I’ve always wanted to have a nice conversation with a stranger on a long trip, like an airplane ride or bus ride. It never really happened, maybe because I just fall asleep, also because the age difference leaves much space for hesitation.
You sat, holding George Orwell’s 1984, straining your eyes against the already-set sun and dim blue light of the remnant day, reflecting off the winterpale snow and the glossy windows around us. My elbow was leaned against the armrest, my head leaned against my bent hand, and my thoughts leaned toward my mouth as I chuckled and ask how you could possibly see anything.
You shrugged and smiled in defeat, closing the book shut and saying it was worth a try.
We talked about books. Dystopian novels. The artistic values in Extremely Loud and Incredibly Close.
We talked about school. Our equal fascination in Psychology, and when my motion sickness acted up, you recited the exact paragraph I always knew.
We talked about our travels. Our hatred for crosswalks in London, our love for everything else.
Mostly, we talked about food.
Which place is good for what, what tastes good with what. After 3 hours in, we realized this bus wasn’t going to have any pit stops to grab munchies and satisfy our dry mouths spewing out pieces of our lives in strategic, worded sentences. We talked about food around our neighborhoods, and food in the city. We are both from Brooklyn.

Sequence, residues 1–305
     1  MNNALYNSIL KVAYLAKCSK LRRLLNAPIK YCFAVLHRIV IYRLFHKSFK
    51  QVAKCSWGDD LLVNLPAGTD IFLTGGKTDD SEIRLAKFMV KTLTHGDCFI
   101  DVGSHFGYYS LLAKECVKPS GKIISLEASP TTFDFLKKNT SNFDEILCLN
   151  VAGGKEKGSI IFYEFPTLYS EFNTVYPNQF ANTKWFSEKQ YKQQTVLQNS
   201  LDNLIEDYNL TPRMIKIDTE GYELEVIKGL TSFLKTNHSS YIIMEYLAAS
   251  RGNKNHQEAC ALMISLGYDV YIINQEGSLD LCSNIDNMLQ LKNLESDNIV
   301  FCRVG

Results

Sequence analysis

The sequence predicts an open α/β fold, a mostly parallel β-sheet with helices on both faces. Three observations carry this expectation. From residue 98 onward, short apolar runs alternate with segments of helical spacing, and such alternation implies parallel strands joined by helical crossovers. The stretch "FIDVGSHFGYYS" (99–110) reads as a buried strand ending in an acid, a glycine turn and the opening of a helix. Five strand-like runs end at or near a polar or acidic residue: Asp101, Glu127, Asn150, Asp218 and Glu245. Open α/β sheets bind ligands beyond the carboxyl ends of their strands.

I told you where my boyfriend likes to take me, and your mouth relaxed in an
“Were you trying?”
A shy smile with two fingers parallel,
But this ride had nothing to do with that.
We talked about art, how I love watercolor, how you love sketching.
I told you how I’m bad with graphic patterns, and you finished our sentence with how you’d rather sketch realistic things. Like flowers and people, I continued. Like things in front of you, you concluded. Saying this as we were in front of each other, bodies turned due to conversational magnetism. If I had a pencil at this moment, I would sketch the dark row of chairs behind you, the windows with already lit streetlights, replacing each other within seconds because they’re all the same, they’ve been all the same throughout the line of road this bus has been traveling. But you are not. I would sketch everything except for you, leaving the white space of the paper to hold the spot where you would be. Because we are still strangers. I know windows, I know streetlights. I could close my eyes and draw one, one in the same.
But I don’t know you.
As the bus pulled into port authority and we gathered our belongings, the yellow Q sign on the left, and the blue A sign on the right determined the fork in our destination. With a smile and a goodbye, we continued in opposite directions, blending in once again into the sea of strangers.